5. (Miracles argument) The historical facts surrounding the life, death and resurrection of Jesus
  6. (Religious experience) God’s existence is directly knowable even apart from arguments

Dr. Dacey’s opening argument:

There are two ways to disprove God’s existence, by showing that the concept of God is self-contradictory, or by showing that certain facts about ourselves and the world are incompatible with what we would expect to be true if God did exist. Dr. Dacey will focus on the second kind of argument.

  1. The hiddenness of God
  2. The success of science in explaining nature without needing a supernatural agency
  3. The dependence of mind on physical processes in the brain
  4. Naturalistic evolution
  5. The existence of gratuitous / pointless evil and suffering

One final point:

One thing that I have to point out is that Dr. Dacey quotes Brian Greene during the debate to counter Dr. Craig’s cosmological argument. Dr. Craig could not respond because he can’t see the context of the quote. However, Dr. Craig had a rematch with Dr. Dacey where was able to read the context of the quote and defuse Dr. Dacey’s objection. This is what he wrote in his August 2005 newsletter after the re-match:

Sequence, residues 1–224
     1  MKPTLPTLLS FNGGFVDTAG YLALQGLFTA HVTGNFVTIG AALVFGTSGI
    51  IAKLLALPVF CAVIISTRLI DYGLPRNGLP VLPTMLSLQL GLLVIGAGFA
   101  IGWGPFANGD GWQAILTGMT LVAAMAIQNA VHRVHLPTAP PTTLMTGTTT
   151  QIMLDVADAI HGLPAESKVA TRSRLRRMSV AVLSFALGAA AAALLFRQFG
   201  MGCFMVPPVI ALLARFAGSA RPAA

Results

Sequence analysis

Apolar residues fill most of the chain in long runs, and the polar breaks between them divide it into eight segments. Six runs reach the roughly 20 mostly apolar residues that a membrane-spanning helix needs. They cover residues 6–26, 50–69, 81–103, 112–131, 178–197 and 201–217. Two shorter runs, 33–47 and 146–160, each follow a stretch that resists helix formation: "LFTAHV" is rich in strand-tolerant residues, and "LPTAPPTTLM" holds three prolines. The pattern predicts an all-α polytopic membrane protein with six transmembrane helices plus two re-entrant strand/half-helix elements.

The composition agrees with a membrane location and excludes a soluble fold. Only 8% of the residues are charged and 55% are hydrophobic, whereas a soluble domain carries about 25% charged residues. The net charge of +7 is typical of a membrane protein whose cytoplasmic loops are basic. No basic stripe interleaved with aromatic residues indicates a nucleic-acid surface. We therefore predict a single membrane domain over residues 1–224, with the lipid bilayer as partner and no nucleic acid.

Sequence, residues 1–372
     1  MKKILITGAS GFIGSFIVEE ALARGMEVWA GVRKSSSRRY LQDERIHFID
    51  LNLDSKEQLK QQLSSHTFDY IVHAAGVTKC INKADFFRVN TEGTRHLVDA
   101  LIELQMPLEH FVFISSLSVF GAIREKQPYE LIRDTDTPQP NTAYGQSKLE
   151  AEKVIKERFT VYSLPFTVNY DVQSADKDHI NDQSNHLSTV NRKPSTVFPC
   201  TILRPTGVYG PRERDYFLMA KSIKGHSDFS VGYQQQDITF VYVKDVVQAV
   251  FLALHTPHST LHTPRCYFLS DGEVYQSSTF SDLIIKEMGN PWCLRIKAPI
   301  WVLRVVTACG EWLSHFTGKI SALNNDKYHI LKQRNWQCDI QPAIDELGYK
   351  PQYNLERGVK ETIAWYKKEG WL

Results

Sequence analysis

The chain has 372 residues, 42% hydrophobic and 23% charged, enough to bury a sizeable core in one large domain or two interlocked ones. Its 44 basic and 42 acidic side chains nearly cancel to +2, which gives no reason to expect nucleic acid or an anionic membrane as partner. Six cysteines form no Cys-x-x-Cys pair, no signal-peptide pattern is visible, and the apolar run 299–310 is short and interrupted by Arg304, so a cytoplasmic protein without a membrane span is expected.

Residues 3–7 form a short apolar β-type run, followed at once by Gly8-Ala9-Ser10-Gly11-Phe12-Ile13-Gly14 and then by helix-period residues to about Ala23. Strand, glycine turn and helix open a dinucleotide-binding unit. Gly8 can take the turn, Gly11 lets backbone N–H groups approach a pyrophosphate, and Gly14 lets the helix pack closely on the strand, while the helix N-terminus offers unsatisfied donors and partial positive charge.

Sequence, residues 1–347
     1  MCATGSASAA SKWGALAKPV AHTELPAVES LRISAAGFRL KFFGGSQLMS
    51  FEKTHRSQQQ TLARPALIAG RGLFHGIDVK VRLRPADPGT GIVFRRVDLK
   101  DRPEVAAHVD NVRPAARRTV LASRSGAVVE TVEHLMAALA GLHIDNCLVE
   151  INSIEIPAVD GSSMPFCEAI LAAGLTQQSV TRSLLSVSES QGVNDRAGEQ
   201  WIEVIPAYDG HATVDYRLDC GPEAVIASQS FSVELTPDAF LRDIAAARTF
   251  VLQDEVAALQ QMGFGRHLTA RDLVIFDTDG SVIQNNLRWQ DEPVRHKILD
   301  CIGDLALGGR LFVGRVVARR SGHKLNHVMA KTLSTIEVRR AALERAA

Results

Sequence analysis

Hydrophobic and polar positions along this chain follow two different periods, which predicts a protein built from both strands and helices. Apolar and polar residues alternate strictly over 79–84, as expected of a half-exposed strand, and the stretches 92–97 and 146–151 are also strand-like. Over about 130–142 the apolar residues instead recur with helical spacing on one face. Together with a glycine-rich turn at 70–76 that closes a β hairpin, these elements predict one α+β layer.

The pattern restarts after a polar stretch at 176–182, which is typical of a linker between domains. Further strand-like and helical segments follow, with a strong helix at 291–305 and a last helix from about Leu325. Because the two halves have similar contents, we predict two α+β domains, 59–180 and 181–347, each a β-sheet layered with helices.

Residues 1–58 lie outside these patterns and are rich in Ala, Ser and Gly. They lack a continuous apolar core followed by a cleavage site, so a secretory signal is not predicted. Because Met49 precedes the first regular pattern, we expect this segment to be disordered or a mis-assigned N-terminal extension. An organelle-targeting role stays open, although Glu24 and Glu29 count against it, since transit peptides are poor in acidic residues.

The following week, I was off an another three-day trip, this time to California State University at Fresno. As part of a week of campus outreach the Veritas Forum scheduled a debate on the existence of God between me and Austin Dacey, whom I had debated last spring at Purdue University. In preparation for the rematch I adopted two strategies: (1) Since Dacey had come to the Purdue debate with prepared speeches, I decided to throw him for a loop by offering a different set of arguments for God, so that his canned objections wouldn’t apply. I chose to focus on the cosmological argument, giving four separate arguments for the beginning of the universe, and on the evidence for Jesus’ resurrection. (2) I reviewed our previous debate carefully, preparing critiques of his five atheistic arguments. In the process I found that he had seriously misunderstood or misrepresented a statement by a scientist on the Big Bang; so I brought along the book itself in case Dacey quoted this source again. I figured he might change his arguments just as I was doing; but I wanted to be ready in case he used his old arguments again.